Restless Pharmaceutical Companies

Megan McArdle asks:

Why is restless leg syndrome always the poster child for people who hate pharma advertising?  Both my fiance and I clearly have it, and you know what?  It’s really not very much fun not being able to sleep, nor are the cramp-like sensations that accompany the uncontrollable urge to kick your legs.

I’ve wondered about this too.  Is it just because it’s kind of funny sounding?  I don’t have it myself, but I have a friend with RLS and he tells me he can barely sleep in the same bed with his wife when it’s acting up because it’s so violent.

Actually, though, the answer doesn’t seem to have much to do with whether RLS really exists.  It’s more about whether pharmaceutical companies are vastly overestimating its incidence in order to sell more drugs.  In Britain, for example, GlaxoSmithKline got in trouble for promoting an off-label use of one of their products for RLS:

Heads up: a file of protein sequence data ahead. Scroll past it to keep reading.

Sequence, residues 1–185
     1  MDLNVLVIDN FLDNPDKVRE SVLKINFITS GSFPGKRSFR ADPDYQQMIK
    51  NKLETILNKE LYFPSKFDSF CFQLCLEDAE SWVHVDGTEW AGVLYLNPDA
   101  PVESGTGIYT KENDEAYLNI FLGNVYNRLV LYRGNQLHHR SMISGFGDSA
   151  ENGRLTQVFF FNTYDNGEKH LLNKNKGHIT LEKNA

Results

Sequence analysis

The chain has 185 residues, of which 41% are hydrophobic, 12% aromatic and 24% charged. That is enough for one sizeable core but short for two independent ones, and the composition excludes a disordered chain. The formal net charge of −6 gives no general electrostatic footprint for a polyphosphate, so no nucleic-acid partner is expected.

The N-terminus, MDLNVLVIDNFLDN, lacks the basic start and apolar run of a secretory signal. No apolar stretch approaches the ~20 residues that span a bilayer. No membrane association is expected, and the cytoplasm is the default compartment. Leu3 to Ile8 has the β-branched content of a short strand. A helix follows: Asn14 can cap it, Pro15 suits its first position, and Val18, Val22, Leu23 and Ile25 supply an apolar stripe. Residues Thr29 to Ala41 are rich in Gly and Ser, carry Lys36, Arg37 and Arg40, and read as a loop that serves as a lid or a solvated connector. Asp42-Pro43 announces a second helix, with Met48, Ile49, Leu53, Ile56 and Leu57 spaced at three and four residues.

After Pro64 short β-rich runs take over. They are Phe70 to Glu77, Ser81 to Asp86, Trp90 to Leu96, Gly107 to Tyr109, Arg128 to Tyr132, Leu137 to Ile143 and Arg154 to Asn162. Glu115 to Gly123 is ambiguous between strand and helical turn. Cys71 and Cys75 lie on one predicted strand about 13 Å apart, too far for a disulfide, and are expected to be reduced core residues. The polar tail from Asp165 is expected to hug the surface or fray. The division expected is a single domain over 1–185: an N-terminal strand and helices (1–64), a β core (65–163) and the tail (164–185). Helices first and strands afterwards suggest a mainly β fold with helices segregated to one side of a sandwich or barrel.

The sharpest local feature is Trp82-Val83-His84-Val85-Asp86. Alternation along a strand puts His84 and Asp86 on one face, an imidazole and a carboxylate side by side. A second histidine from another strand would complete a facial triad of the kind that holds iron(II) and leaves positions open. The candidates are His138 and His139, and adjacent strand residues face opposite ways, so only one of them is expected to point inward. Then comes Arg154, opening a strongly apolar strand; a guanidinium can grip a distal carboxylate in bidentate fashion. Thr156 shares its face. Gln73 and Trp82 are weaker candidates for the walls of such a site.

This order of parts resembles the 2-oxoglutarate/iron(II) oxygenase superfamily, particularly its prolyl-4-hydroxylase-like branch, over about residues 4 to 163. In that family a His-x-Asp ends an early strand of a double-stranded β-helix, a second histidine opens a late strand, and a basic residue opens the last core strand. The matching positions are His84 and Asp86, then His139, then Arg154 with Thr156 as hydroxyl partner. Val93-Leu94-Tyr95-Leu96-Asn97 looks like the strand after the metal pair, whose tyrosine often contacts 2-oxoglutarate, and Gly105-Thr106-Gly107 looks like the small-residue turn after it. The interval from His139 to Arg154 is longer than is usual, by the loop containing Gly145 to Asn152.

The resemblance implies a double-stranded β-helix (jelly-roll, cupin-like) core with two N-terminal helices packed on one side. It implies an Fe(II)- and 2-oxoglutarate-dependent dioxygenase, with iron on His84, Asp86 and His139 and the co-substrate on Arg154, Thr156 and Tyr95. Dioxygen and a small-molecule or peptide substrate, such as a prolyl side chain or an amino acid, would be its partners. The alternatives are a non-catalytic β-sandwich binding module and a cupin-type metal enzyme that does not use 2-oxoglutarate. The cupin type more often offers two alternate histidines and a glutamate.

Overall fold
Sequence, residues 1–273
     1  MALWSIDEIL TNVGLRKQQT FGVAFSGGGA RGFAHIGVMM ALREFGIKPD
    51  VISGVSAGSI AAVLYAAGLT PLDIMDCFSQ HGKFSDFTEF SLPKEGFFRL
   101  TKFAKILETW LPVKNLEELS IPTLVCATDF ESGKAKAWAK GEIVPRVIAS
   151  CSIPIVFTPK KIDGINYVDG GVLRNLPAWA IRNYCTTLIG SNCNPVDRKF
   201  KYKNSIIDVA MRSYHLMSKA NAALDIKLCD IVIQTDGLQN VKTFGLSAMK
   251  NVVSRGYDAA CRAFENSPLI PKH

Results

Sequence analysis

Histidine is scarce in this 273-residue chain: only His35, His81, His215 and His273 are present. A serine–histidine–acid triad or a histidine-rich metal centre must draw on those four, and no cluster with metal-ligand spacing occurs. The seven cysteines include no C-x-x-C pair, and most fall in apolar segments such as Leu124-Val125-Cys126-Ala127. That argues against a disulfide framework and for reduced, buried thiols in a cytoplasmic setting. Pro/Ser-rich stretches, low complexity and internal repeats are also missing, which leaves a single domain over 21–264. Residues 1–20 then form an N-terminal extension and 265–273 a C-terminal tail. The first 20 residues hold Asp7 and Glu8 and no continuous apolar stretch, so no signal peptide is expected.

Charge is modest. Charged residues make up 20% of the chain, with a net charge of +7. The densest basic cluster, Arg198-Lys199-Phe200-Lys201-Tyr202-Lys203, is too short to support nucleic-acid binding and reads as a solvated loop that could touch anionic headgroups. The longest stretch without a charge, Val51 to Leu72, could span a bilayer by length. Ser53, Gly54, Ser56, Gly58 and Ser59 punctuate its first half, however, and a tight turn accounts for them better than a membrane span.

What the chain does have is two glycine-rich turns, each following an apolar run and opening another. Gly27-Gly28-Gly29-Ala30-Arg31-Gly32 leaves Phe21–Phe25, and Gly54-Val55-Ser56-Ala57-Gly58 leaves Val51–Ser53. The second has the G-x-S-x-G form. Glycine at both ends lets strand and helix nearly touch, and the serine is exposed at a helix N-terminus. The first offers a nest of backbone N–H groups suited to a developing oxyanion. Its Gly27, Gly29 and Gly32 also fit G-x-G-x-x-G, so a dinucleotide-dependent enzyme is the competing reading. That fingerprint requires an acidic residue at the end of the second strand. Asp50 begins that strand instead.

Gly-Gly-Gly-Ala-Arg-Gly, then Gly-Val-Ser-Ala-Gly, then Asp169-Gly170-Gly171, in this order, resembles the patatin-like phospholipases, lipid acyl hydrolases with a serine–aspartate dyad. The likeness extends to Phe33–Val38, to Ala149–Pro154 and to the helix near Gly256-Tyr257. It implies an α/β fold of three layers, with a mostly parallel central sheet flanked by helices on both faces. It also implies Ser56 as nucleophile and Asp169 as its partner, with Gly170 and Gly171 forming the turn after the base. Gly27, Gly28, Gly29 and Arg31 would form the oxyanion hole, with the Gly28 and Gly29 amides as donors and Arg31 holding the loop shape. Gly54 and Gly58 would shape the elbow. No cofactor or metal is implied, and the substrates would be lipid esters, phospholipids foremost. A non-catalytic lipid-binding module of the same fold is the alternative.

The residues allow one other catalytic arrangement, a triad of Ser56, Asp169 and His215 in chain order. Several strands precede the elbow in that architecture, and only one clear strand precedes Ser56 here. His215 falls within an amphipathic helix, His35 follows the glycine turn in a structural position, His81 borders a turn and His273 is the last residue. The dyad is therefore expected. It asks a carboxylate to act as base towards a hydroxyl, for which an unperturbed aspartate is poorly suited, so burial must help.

Dr Des Spence, the Glasgow GP who raised the complaint, said the case was an example of the way pharmaceutical companies used patient groups to promote a new condition, and then supplied drugs to treat it.

“The Ekbom Support Group was hijacked by GSK to promote restless legs syndrome and the GSK drug ropinirole,” he said. “I am not saying some people do not experience pain and restless legs but claims on the website that it is a widespread and serious condition are disproportionate.”

The Ekbom Support Group says 5% of the population suffer from the condition. Doctors say fewer than 3% experience symptoms on a regular basis and, of them, only a minority require any treatment.

This is the great gray area of pharmaceutical advertising, of course.  On the one hand, letting people know about a condition and a possible new way to treat it is perfectly fine.  On the other hand, we’re all natural hypochondriacs, and it’s all too easy to convince millions of people whose legs twitch a bit that they have a serious disease.  In fact, most of them just have legs that twitch a bit.

Anyway, the lesson here seems to be (a) RLS is real but (b) you probably don’t have it.  What the policy response to this should be I’m less sure of.

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